In the early to mid seventies there were three comp surfers who rode with speed to burn, namely Jim Pollock, Allen “Wally” Tibbals and Phil Trigger. The rest of us were looking for big bottom turns and barrells that generally ended up as coverups on the shoulder, or more often when performed at Bells as being stuck behind the white water.
Phil’s unique stance of having his feet close together produced a fast-twitch ‘tick tack’ that enabled him to make many sections at bells that others couldn’t. It was his favourite wave where he made the final on almost every occasion, and for an East Coaster he knew the place backwards.
On one occasion at Bells for the conservation comp we both made the final along with Victorian champions Rod Brooks, Alan Atkins, John Law, plus two times winner of the Oke Pro Comp Charlie Bartlett (later Charles of the Sea) whose famous words “Don’t destroy what you came to enjoy” are carved into stone at the current entrance to the Bells reserve.
The waves were consistently around 10 ft and luckily for me I was paddling out near Winki Pop when the macca set of the day drilled and pounded everyone else. Just scraping through the top of the first couple I looked inside to see that Phil was the only survivor strong enough to hold his board (no leggies were allowed back then). One great act of courage and sportsmanship was to follow. Acko’s board popped up in front of Charlie and from a unique side on view I saw him push it thru the lip to Acko as he was dragged backwards over the falls on a monster. I believe Alan went on to win the final.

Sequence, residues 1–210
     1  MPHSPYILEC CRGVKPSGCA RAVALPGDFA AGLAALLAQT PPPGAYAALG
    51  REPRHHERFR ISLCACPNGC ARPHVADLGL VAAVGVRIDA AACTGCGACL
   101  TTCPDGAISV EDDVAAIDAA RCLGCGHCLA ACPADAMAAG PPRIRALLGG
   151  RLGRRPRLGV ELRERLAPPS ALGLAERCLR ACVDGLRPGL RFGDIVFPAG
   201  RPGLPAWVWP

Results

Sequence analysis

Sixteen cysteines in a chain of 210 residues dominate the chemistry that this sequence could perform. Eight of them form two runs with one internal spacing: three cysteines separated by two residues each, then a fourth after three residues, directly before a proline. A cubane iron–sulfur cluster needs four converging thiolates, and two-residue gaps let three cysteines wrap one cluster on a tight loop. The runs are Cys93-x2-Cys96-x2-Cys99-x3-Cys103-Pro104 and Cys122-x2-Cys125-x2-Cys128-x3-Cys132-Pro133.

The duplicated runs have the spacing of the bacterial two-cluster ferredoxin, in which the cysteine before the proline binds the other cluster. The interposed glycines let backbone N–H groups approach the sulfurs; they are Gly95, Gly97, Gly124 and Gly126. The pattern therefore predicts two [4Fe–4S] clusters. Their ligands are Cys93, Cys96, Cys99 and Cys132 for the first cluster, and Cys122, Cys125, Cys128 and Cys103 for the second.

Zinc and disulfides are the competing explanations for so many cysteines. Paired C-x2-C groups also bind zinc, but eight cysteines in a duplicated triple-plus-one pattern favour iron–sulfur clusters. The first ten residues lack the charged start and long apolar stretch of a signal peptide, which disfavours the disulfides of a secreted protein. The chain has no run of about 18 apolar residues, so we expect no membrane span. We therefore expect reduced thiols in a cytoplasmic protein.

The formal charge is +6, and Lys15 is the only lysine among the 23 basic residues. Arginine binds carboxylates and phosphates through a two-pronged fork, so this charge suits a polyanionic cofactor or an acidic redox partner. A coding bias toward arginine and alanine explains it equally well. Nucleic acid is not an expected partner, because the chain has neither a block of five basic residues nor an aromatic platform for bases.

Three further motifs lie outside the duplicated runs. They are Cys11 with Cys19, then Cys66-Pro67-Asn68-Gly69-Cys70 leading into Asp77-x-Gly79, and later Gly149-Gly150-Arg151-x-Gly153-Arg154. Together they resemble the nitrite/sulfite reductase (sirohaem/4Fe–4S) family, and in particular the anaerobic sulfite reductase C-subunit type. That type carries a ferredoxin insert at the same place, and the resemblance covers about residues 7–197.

Charlie Bartlett was originally from Maroubra N.S.W and a very powerful surfer. He was a wonderful character and a legend in Victorian surfing. Even though Rod, John and Charlie had to swim in to retrieve their surfboards and paddle back out that day at Bells, the big wave boys pushed Phil and I back to 4th and 6th places respectively.